The 50 Best Foreign Movies of 2023 So Far

The 50 Best Foreign Movies of 2023 So Far

May 28, 2024

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Film knows no borders, and true enough, these exceptional movies from around the world will whisk you away on an extraordinary international journey. Each one showcases a rich diversity of cultures, languages, and perspectives, inviting you to explore uncharted cinematic realms. As Parasite director Bong Joon-ho once advised, you shouldn’t let the one-inch barrier of subtitles stop you from finding your next favorite film. So bookmark this page (which we’ll update throughout the year) and read on to learn more about the best foreign-language movies of 2023. For your convenience, we’ve also added information on where and how to stream them online.

31. The Peasants (2023)

7.6

Country

Lithuania, Poland, Serbia

Director

DK Welchman, Female director

Actors

Andrzej Konopka, Andrzej Mastalerz, Anna Grzeszczak, Cezary Łukaszewicz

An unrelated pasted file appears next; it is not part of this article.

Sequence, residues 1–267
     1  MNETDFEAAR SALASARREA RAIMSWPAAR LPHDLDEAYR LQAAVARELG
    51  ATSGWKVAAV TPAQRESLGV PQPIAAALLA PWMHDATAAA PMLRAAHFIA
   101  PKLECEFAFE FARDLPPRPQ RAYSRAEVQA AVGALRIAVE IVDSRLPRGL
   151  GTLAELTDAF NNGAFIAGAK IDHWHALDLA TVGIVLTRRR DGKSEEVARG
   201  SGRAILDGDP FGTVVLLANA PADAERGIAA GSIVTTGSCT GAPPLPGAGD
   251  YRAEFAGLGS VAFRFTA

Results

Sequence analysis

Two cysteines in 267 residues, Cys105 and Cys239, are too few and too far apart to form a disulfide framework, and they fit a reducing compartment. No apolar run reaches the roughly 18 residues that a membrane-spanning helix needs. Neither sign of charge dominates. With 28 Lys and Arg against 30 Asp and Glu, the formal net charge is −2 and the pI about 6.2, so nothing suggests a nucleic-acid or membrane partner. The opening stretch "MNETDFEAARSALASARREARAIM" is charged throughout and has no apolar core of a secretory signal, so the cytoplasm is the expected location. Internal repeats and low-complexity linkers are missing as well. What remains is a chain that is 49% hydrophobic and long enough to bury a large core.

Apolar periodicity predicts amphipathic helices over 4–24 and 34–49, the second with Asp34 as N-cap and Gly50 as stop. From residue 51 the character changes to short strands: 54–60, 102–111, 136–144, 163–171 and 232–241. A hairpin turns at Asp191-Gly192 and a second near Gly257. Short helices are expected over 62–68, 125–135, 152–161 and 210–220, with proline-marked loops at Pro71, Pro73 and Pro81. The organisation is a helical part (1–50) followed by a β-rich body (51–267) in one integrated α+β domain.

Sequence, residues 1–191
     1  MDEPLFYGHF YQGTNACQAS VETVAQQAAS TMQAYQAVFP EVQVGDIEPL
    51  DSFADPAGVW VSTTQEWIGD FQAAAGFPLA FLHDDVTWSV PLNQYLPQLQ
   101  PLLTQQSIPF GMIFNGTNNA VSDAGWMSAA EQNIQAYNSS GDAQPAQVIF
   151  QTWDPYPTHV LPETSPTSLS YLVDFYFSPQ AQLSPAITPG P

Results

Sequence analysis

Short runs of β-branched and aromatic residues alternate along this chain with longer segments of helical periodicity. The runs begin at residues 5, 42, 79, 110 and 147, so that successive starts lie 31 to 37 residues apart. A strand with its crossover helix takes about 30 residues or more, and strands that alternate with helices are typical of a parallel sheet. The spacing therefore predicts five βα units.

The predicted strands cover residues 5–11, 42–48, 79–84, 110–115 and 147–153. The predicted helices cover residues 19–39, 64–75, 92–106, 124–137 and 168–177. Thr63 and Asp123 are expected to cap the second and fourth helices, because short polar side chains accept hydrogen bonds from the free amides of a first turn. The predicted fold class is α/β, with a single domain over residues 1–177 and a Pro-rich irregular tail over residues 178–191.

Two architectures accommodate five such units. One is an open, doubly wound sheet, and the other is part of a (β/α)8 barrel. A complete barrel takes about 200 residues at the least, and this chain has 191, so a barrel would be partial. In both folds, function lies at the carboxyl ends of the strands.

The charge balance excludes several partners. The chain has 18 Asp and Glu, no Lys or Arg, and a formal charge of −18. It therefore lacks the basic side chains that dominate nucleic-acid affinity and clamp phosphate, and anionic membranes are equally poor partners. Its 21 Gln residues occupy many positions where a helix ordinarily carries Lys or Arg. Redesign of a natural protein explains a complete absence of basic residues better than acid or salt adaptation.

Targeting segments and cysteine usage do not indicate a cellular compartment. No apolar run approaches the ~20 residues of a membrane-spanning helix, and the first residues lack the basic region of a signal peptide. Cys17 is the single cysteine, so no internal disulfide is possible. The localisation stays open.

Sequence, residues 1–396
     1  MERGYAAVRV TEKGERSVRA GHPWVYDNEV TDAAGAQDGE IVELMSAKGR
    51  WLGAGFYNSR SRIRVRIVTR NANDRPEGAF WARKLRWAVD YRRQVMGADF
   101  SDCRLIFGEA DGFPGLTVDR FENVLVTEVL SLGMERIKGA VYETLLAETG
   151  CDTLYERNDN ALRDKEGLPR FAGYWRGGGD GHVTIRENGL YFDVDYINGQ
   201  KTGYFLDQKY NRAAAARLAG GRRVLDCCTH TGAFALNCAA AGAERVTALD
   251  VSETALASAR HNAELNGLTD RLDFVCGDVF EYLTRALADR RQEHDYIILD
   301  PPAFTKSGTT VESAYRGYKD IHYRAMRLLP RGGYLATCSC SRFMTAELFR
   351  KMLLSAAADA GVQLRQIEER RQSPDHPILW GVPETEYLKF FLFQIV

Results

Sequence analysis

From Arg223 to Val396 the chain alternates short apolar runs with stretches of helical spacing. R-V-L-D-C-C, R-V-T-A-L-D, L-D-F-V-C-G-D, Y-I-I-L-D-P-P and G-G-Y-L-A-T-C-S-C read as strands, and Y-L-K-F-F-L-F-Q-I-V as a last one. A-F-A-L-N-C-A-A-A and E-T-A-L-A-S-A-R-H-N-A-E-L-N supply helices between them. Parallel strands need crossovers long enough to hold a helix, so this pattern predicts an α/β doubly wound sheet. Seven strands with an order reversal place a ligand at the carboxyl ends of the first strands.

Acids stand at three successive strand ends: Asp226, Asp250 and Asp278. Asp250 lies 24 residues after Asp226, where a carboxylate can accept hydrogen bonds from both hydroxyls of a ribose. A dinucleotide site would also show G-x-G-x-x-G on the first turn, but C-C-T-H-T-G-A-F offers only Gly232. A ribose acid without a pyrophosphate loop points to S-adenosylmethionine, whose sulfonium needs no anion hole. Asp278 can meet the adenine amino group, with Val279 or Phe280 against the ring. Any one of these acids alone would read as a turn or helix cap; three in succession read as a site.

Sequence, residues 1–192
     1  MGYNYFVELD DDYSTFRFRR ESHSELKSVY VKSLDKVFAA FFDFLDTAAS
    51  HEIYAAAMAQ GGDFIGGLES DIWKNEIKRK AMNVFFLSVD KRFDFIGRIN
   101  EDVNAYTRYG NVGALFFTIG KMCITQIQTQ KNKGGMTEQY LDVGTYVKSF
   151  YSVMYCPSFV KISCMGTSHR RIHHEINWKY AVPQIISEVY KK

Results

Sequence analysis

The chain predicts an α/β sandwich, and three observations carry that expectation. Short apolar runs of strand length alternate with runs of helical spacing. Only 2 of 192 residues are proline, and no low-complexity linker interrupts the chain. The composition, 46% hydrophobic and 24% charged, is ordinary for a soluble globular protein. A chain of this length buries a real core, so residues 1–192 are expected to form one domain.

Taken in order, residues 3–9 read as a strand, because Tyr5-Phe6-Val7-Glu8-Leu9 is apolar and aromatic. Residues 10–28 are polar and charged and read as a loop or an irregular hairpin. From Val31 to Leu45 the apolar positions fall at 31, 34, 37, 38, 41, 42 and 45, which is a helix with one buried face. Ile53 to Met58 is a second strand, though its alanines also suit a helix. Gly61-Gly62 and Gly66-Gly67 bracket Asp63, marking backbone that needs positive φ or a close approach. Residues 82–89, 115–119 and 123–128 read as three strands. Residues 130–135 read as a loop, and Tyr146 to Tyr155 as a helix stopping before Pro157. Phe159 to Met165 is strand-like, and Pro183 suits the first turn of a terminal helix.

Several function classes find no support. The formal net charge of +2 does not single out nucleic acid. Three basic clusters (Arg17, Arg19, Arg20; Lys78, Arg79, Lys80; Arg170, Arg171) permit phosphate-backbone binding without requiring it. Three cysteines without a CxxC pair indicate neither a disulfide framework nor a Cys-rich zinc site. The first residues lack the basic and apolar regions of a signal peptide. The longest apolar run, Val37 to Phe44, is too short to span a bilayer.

Moods

Dark, Depressing, Discussion-sparking

After Loving Vincent, DK and Hugh Welchman’s iconic oil paint animation initially seems like old hat, but this time the style is actually more fitting for their second feature. As an adaptation of the iconic Polish novel, The Peasants had to live up to the book’s reputation as the Nobel-winning depiction of the Polish countryside, one of the first to take an intimate look into the lives of the commonfolk, their customs, beliefs, and traditions. The Welchmans’ naturalist, impressionist art style lines up with the way the original Chłopi was inspired by these movements, as does L.U.C’s selection of mesmerizing, haunting Polish folk songs. While the plot is a tad cliché, it only does so in the way folklore tends to weave the same threads. It just so happens that the threads in The Peasants lead to violent ends.